Photographs from near and far: Work of Frank Ward, Robert Tobey on display

  • Fellow photographers Robert Tobey and Frank Ward share a laugh at their dual exhibit at Northampton’s A.P.E Gallery. STAFF PHOTO/CAROL LOLLIS

  • Fellow photographers Robert Tobey and Frank Ward share a laugh at their dual exhibit at Northampton’s A.P.E Gallery. STAFF PHOTO/CAROL LOLLIS

  • Fellow photographers Robert Tobey and Frank Ward share a laugh at their dual exhibit at Northampton’s A.P.E Gallery. STAFF PHOTO/CAROL LOLLIS

  • One of Robert Tobey’s photographs at the A.P.E. Gallery show. While riding by on a bicycle, Tobey shot images of people watching parades in Greenfield and Holyoke. STAFF PHOTO/CAROL LOLLIS

  •  Since 2001, Frank Ward has taken many photographs during multiple trips he’s made to the countries of the former Soviet Union. He calls that area of the world “a paradise of paradox.” STAFF PHOTO/CAROL LOLLIS

  • In this image, Tobey captured a young girl sitting next to pieces of candy tossed to the crowd that was watching the Franklin County Fair parade in Greenfield. STAFF PHOTO/CAROL LOLLIS

  • Ward says this teenage girl in Irkutsk, Siberia was part of a youth honor guard for a World War II memorial.  Image courtesy of Frank Ward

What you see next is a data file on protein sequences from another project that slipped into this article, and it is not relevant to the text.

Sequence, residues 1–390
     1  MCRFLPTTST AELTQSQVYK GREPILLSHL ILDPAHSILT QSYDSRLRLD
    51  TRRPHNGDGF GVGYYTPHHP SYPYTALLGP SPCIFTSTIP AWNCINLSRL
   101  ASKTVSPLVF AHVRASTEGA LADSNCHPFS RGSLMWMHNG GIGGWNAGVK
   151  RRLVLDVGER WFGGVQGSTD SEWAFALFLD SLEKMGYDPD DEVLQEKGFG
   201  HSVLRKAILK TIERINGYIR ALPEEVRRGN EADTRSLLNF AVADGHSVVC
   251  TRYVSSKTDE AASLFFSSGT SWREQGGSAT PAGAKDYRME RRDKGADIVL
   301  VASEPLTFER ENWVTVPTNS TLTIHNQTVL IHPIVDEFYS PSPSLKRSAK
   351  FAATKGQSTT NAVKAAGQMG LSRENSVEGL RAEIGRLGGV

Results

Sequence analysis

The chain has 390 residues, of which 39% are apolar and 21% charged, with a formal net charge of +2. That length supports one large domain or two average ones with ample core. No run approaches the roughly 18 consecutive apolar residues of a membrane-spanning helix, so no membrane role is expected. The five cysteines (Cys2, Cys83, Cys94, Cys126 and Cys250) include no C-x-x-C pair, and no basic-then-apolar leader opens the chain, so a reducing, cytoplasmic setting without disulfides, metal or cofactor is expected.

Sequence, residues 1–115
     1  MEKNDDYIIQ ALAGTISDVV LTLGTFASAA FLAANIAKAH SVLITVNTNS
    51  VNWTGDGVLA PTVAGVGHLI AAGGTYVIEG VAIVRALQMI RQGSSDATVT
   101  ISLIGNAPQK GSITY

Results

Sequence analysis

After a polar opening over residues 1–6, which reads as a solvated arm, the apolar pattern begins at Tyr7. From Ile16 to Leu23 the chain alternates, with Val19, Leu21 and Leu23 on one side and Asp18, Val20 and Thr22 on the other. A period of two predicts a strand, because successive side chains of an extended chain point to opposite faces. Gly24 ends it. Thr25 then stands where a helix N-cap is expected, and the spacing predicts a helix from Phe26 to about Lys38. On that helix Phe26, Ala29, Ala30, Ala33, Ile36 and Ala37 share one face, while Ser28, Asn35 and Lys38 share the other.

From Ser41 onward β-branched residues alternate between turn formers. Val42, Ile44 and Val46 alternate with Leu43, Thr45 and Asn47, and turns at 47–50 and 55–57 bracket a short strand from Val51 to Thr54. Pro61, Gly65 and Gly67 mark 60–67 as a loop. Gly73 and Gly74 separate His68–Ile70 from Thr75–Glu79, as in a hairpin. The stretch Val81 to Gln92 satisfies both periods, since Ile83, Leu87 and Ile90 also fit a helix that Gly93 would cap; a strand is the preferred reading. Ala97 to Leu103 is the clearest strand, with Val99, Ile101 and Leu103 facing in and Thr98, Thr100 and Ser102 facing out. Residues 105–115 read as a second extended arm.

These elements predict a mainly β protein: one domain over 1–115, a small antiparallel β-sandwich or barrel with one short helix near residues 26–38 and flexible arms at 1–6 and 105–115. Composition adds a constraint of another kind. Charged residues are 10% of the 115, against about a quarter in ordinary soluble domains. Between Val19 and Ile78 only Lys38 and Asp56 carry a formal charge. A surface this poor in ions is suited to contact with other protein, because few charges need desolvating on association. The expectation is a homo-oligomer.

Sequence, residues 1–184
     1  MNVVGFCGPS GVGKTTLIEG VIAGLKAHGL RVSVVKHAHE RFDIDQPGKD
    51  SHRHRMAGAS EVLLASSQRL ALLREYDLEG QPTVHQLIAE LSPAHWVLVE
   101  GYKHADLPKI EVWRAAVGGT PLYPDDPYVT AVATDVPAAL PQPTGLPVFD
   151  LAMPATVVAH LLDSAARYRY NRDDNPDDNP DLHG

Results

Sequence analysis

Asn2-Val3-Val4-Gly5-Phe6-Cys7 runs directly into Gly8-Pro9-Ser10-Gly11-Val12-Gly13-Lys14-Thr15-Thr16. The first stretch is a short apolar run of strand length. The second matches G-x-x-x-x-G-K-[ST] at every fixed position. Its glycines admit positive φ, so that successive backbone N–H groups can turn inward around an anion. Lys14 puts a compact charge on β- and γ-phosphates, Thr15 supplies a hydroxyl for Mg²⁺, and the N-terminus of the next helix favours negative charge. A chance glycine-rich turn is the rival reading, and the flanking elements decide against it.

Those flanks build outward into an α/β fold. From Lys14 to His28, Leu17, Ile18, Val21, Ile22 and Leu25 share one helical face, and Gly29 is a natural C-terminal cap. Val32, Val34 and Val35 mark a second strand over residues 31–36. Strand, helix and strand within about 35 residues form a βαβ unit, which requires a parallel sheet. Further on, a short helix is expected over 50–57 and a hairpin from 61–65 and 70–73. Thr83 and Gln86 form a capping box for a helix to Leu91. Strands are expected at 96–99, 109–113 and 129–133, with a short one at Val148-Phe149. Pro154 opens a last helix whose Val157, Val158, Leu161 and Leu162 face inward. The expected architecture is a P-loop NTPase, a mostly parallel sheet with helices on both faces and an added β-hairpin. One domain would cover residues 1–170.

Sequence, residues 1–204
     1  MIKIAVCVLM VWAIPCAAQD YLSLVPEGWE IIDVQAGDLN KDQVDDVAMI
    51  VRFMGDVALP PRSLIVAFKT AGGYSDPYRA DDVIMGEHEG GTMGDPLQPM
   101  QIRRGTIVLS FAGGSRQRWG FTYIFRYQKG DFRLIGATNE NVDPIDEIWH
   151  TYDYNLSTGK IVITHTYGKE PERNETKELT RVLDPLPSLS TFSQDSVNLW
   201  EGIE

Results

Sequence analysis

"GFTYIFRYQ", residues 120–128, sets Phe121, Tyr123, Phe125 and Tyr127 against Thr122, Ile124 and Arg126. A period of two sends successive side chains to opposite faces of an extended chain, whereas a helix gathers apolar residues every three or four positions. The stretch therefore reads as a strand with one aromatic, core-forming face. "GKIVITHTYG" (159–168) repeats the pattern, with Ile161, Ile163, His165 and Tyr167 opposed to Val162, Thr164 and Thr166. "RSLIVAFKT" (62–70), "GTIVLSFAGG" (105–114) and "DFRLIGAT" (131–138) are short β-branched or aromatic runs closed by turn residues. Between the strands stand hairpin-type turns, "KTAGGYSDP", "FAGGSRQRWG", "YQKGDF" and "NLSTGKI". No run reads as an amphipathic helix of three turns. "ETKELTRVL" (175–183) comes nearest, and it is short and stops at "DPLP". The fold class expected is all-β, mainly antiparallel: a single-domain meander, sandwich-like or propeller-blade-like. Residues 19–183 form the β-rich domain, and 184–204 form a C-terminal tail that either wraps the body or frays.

• The wearing of the green: An ancient Russian Moskvitch, a common car in parts of the former Soviet Union, outside a similarly colored apartment block in Odessa, in Ukraine. Image courtesy of Frank Ward

  • A grandmother on a beach outside Odessa, in the Ukraine, who invited Ward to take her picture. Image courtesy of Frank Ward

  • Winter scene in Irkutsk, Siberia, where an old and common Soviet-era car, a Lada, sits in a playground area. Image courtesy of Frank Ward

  • On a boat on the Black Sea outside Batumi, Georgia, tourists from Jordan snap cell phone pictures of each other as Ward takes photographs of the tourists. Image courtesy of Frank Ward

  • Shadow cyclist: Robert Tobey snaps a sidewalk photo in Holyoke as the sun casts his own shadow into the picture. Image courtesy Robert Tobey/A.P.E. Gallery

Staff Writer
Published: 9/11/2019 3:54:55 PM

Frank Ward and Robert Tobey, longtime friends and photographers, had a combined show years ago in Thornes Market — in 1985, to be exact.

Thirty-four years later, the two local artists are back together in a shared exhibit at Northampton’s A.P.E. Gallery, showcasing portraits of people in the Valley and people and scenes from the other side of the world: Russia, Ukraine, and different parts of central Asia.